While Linus took a week off, Andrew Morton maintained a "merge candidate"
tree full of patches which were to be added to the mainline on Linus's
return. Linus is back; he has been quiet on linux-kernel, but his
BitKeeper repository shows that he has been busy: over 700 patches have
been merged in the first half of this week. Quite a few of these are
significant; there will be a lot of changes in the 2.6.6 kernel. Here's a
quick list of some of the more important additions.
- The usual pile of architecture updates, including x86_64, PPC, ARM,
ia64, m68k-noMMU, S/390, and others.
message queue support.
- Changes to the ext2 and ext3 filesystems which provide significant
speedups for the fsync() and fdatasync() calls.
Various other performance improvements have been added to those
filesystems as well.
- The addition of the fcntl() method to the
file_operations structure (see the March 24 Kernel Page).
- The "laptop mode" patch. This patch has evolved somewhat since we
last looked at it, but
the basic idea remains the same: avoid spinning up the disk whenever
possible, but, when you do have to perform disk activity, do
everything you can.
- 4KB kernel stacks for the i386 architecture. This patch reduces the
kernel's per-process overhead, which is useful for people trying to
run thousands of threads. It also removes one of the few places where
the kernel needs to allocate multiple, physically-contiguous pages.
In 2.6.6, there is a configuration option allowing the continued use
of 8KB stacks, though the plan is to eventually remove this option.
The configured stack size is stored in modules, so it will not be
possible to load a module which was built for the wrong size stack.
- Non-executable stack support for several architectures. This is not
the full "Exec shield" patch from Ingo Molnar, though parts of that
patch appear here.
- A big reiserfs update, including data=ordered support, space
preallocation, laptop mode support, and more.
- IPv6 support in SELinux.
- The lightweight auditing framework.
- A mechanism which allows block drivers to respond to queries about the
congestion state of their queues. This is useful for higher-level
drivers (i.e. the device mapper) which have a complicated queue state.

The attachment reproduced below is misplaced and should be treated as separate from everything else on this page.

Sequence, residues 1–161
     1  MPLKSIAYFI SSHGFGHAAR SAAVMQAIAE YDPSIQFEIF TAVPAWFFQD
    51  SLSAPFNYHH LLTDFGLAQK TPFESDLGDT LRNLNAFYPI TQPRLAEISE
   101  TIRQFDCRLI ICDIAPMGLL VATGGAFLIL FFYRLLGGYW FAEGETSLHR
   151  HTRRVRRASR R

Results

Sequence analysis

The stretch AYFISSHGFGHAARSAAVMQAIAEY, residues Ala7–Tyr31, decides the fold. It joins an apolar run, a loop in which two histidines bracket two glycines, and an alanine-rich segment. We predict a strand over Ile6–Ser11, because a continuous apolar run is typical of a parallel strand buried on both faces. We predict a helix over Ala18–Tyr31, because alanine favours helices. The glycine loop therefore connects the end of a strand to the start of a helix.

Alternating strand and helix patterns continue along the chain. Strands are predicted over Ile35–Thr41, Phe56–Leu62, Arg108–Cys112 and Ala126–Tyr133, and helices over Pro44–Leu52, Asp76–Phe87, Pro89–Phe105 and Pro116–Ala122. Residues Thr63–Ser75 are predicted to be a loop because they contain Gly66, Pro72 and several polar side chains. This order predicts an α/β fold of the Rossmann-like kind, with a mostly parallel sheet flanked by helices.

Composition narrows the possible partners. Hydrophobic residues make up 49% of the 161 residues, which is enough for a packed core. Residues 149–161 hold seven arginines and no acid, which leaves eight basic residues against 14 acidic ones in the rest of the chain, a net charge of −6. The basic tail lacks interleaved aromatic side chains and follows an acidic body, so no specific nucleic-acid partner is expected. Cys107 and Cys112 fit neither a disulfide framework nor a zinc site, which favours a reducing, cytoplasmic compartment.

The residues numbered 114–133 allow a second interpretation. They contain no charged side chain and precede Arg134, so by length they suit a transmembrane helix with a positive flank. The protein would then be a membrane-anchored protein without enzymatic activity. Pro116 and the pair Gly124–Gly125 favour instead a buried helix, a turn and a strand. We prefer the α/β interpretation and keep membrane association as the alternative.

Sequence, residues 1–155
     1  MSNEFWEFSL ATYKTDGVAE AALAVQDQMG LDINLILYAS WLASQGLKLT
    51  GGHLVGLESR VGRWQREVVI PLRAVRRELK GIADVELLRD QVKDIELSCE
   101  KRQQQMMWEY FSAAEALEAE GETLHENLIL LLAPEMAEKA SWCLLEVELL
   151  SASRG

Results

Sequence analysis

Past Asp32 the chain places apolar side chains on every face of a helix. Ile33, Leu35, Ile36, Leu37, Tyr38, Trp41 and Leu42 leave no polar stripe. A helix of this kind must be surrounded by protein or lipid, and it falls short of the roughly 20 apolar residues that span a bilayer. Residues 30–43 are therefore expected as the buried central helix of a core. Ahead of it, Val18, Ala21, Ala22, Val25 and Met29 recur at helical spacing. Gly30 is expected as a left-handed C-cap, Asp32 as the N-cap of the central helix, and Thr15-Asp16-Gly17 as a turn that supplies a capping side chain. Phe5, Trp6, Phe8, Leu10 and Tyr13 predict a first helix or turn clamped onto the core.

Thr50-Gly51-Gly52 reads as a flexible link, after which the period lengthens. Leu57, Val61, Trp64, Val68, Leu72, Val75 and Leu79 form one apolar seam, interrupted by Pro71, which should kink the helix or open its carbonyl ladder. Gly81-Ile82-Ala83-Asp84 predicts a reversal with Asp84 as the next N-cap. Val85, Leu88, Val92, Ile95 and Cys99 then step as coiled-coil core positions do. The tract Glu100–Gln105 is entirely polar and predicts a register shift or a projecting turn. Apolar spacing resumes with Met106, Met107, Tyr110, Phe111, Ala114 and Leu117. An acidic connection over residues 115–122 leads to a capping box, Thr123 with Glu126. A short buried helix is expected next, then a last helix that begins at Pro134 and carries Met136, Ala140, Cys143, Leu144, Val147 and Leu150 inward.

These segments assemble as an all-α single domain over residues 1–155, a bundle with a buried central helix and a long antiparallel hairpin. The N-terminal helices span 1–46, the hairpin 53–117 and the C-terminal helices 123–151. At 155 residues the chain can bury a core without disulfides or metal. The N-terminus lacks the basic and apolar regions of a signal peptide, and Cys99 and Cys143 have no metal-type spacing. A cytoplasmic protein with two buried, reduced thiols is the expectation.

- The per-device unplugging patch which
makes some significant changes to the block layer, but which yields
significant performance improvements. This patch has evolved a lot
since it was originally posted, mostly to deal with complexities in
the device mapper, RAID, and swapping code.
- The "completely fair queueing" (CFQ) I/O scheduler (covered here last November). This scheduler tries to
evenly divide disk bandwidth among all processes on the system. The
CFQ scheduler can be chosen with a configuration option, or by booting
with the elevator="cfq" option.
- Some software suspend fixes, including support for systems with high
- The external module support patch (described in a separate article
below). The behavior of "make clean" has also been reworked
to do a more thorough job while, simultaneously, leaving behind enough
information to allow the building of external modules.
- A new configuration option allowing the building of kernels without
sysfs support. Be sure to read the help text before disabling sysfs,
however; without sysfs the kernel needs more explicit help in finding
its root partition.
- Various libata (serial ATA) improvements and fixes.
- A long list of NFS cleanups and improvements.
- Some cosmetic fixes, such as running devfs and the floppy driver
- Some significant page cache and virtual memory changes, which we will
get to in the next article.
Overall, one might be forgiven for thinking that 2.6.6 looks much like a
development kernel release. In fact, most of more intrusive patches listed
above have been around and tested for some time now; they have just finally
made their escape from the -mm tree. With the exception of the CPU
scheduler patches (which we hope to cover here next week) and, perhaps, the
reverse mapping VM changes, 2.6.6 looks likely to contain the bulk of the
work that most developers are still hoping to see added to 2.6. 2.6.6
contains enough big changes that its chances of containing an unpleasant
surprise or two are fairly high. Within a few more releases, however, 2.6
may well have stabilized to the point that it can be more widely deployed
and the bulk of developer attention can move on to 2.7.
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